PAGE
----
What happens when an interior decorator confronts her stuff?

As you may know, this June we moved Turnbull Interiors to our new Design Studio across the Street from where we were. While we’d been contemplating the change for some time, the actual physical act of moving unleashed a chain of reactions that have caused me to be even more aware of the huge impact my industry has on the health & wellbeing of our community and our planet.

It’s all about “Stuff”

Let’s start at the beginning….Interior design, decorating, renovation, home building…every facet of our industry is about “stuff”. It’s about building products, finishing materials, and stuff to fill spaces

There are thousands of options, all claiming and competing to be the “product of choice”. Twenty years ago, sampling this “stuff” made sense for us. However, with the vast amount of product now available, it’s impossible to cover all the bases and, what’s more, today’s technology has changed how we shop for products in the custom market.

Knowing how to find the “Right Stuff”

Global shopping is now available at our fingertips. The Internet allows us to source on a worldwide scale and once our research is complete, we can order the samples we need and have them on our doorstep for our clients in what seems like a blink of an eye compared to even 5 years ago. However, this adds what seems like an unbounded level of more options and can quickly overwhelm the inexerpieneced shopper. Today’s interior designer/decorator needs to have expertise in product knowledge and the experience about where and how to source on a global scale in order to find quality beyond box store options.

Take carpets for instance….I can design a carpet for you on my computer from a base of some 3,000 pattern options and within 5 days have an actual sample from Denmark for you to inspect. Pretty amazing!!! And those of you who have already had this experience with me have expressed how much you appreciated the “no guessing” approach.

So back to our own downsizing…

The need for less space without compromising product options triggered our interest in downsizing. Once the decision was made, our process of letting go began… Anyone who has moved from one home to another after a long stay in that residence will understand the journey that ensued.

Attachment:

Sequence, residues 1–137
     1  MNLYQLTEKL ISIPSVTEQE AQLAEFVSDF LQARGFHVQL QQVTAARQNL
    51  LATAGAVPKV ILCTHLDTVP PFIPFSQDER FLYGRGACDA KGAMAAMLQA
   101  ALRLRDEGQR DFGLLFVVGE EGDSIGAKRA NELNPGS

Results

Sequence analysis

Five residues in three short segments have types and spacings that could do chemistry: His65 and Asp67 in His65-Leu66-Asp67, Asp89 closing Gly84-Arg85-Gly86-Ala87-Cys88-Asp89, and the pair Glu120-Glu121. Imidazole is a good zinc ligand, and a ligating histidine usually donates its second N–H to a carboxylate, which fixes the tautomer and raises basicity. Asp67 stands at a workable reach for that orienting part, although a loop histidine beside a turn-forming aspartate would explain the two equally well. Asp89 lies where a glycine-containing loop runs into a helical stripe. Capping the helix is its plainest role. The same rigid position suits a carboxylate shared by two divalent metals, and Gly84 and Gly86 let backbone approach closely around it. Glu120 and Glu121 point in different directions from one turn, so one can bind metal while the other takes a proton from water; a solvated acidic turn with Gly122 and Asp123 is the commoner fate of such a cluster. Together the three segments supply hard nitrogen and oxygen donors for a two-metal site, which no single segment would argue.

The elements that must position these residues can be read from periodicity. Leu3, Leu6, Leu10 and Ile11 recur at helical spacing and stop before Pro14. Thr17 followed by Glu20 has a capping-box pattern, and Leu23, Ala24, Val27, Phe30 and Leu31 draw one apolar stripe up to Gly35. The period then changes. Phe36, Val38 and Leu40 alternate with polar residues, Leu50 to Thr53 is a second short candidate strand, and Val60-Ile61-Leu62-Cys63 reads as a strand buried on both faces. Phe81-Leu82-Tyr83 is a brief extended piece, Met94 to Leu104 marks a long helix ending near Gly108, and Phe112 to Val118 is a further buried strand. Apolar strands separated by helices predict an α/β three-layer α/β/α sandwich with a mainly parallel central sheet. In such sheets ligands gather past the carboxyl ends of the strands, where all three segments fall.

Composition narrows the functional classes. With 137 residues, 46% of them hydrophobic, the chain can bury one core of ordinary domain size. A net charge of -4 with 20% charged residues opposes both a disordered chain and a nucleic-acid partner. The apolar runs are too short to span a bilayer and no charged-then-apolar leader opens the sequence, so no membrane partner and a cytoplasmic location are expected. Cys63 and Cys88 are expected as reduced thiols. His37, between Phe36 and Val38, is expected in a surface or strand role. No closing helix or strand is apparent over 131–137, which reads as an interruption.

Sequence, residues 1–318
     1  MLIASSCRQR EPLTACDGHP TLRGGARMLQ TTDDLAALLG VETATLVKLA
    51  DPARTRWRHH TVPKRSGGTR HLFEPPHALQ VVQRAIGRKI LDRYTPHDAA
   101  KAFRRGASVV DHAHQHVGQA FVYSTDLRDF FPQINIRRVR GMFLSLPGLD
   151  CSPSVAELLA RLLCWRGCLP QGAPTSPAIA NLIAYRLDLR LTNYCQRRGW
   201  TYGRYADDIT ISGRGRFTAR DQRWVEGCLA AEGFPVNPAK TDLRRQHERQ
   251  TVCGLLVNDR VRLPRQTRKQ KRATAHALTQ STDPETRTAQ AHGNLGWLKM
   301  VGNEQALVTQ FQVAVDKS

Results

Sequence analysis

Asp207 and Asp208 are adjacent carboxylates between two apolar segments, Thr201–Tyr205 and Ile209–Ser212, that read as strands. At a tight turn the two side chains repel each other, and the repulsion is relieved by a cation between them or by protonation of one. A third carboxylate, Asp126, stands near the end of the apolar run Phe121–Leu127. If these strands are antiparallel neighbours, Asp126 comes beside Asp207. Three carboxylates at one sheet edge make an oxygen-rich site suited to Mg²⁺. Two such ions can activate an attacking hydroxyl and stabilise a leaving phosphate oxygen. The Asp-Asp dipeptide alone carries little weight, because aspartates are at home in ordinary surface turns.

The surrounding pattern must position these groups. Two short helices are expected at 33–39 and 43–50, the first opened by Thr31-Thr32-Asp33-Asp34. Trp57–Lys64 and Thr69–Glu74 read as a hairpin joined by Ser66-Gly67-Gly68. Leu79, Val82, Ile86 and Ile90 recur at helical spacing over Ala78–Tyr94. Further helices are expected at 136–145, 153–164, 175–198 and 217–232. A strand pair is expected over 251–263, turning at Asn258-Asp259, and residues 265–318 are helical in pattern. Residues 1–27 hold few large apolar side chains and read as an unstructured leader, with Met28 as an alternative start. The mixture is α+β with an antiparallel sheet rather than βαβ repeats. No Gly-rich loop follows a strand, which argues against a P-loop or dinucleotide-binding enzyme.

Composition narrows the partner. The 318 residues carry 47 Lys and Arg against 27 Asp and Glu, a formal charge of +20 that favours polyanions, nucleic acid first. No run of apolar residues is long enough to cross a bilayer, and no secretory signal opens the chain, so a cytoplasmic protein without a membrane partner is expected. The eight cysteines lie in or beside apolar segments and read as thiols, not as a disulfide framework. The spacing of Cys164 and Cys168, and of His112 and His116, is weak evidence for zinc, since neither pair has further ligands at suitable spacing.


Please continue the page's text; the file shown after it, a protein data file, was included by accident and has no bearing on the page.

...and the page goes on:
We packed up what we really needed and began to donate what was expendable. We donated Product to charities such as Habitat for Humanity, The Salvation Army and others. Four Quilters’ Guilds (Midland, Orillia, Simcoe County and Kempenfelt Bay) were the recipients of enough high quality quilting cotton to make over 800 quilts for people such as those in Hospitals, in emergency situations and victims of catastrophes. We culled out what we needed from our thousands of fabric samples, wallpapers and custom design products and gave away our out-dated and discontinued books to Georgian College for their new Decorating Program sample room.

It’s what we didn’t give away or take that set me reeling!!

Despite our concerted effort to recycle, reuse, and avoid the inevitable, we still had to haul waste to the dump. No matter how I tried to rationalize that it was all “clean fill”, I know that all of us in this industry have to do better!

Which brings me to the real point I want to make…

Great interiors are not necessarily about answering the constant battle cry for materialistic change. (Please don’t think I’m against change…I understand completely that life is a process and that the only constant is change itself.)

There’s a distinct line between great makeovers and simply replacing “old” with new. Truth is, depending upon the “new”, there is a very good chance that it will become outdated long before some of the “old” you might be considering replacing.

If we could learn from Ellen Glasgow that “all change is not growth; and that all movement is not forward”, perhaps we could take a second look at what we throw out and find a new way to invoke change while embracing the old. Rather than discarding those valuable dining room chairs or classic sofa, you can have them reupholstered. Restore your fine wood pieces with new refinishing techniques. The sky’s the limit for face-lifting good quality furnishings.

Practicing what I preach

Moving 4,000 square feet into a space 1/3 the size was no small feat! I was determined to achieve our new look by practicing what I preach. By reusing the best of what we had thorugh a process of elimination, rearranging and renewing, we have create a much better space: light, bright and cheery to be in.

I will think twice about what I gather around me and while we have always been diligent about managing costly waste for clients, we'll be doing so with even greater vigilence. The best part of all is we love our new space – it feels so good!